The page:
New PhD Studentship Opportunity!

  • Acknowledging intersectionality and improving inclusivity within shared mobility/mass transit

    Enquiries: Dr Maurizio Catulli

    Supervisors: Prof Joanna R AdlerDr Maurizio Catulli

    Originality: Personal mobility through private cars accounts for disproportionate environmental transport emissions. Shared mobility offerings are promising alternatives to private cars. These enable travellers to manage diverse modes of shared transport through smartphone apps. Examples include car and bicycle sharing, and mini e-scooters for rent, often used in conjunction with public transport. Despite their environmental benefits, shared mobility options have not been widely adopted. One challenge that affects shared mobility offerings is low inclusivity. Women, for example, have fewer opportunities to use shared mobility, as they incur risks of unwanted attention from men or enhanced feelings of vulnerability. There have been, for example, cases when women have been assaulted by drivers of shared mobility providers. Additional concerns may be considered in relation to others who do not identify with those they perceive as common users. The doctoral student will investigate strategies to make shared mobility safer and thereby more inclusive of women, moving on to consider related matters of inclusion and intersectionality in later stages of the thesis development.

    Rigour: The topic is supported by extant research which confirms its relevance, vis Gekoski et al. (2017), Weinreich et al. (2021) and Apena-Rogers (2019). It is anticipated that a mixed method, triangulated research design would be suitable, drawing in appropriate stakeholder groups. Ethics management would conform to relevant legislative (e.g., DPA, 2018) UPR and to professional body requirements.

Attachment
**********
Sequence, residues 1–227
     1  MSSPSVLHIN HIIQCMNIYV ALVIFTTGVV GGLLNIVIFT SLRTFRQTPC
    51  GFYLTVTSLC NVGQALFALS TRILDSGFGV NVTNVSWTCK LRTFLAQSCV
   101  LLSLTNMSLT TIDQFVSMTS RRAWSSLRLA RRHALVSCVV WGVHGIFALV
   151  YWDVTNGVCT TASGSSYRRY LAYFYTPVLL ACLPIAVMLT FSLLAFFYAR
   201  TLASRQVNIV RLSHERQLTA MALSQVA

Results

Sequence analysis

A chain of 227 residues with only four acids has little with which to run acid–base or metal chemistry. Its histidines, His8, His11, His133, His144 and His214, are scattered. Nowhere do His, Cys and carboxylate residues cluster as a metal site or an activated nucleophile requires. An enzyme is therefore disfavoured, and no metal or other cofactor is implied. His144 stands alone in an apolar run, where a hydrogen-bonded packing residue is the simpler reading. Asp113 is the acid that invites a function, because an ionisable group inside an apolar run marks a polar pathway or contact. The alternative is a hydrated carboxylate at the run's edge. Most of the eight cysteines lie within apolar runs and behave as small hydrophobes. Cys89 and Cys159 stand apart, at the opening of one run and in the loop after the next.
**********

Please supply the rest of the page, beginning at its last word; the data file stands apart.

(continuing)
Potential Contribution to Knowledge: The proposed topic is policy sensitive and would build on work previously commissioned by the British Transport Police and Department of Transport. The research will address theoretical, pragmatic and policy knowledge gaps in the accessibility and inclusivity of shared mobility.

    References
    Apena-Rogers, F. (2019). Understanding the commission process of sex offending on London railways: An integrated theoretical framework. Doctoral Thesis, Middlesex University. Director of Studies: J.R. Adler.
    Gekoski, A., J. M. Gray, J. R. Adler, and M. A. H. Horvath. 2017. The prevalence and nature of sexual harassment and assault against women and girls on public transport: an international review. Journal of Criminological Research, Policy and Practice 3:3-16.
    Weinreich, M., A. Kingstedt, V. Betina, F. Romani, F. Andersson, A. Kirjanen, O. M. Larsen, B. W. Leow, and H. Bajaj. 2021. Gender and (Smart) Mobility. Ramboll, Helsinki, Finland.

  • Find listing here: Under ‘Smart Mobility’
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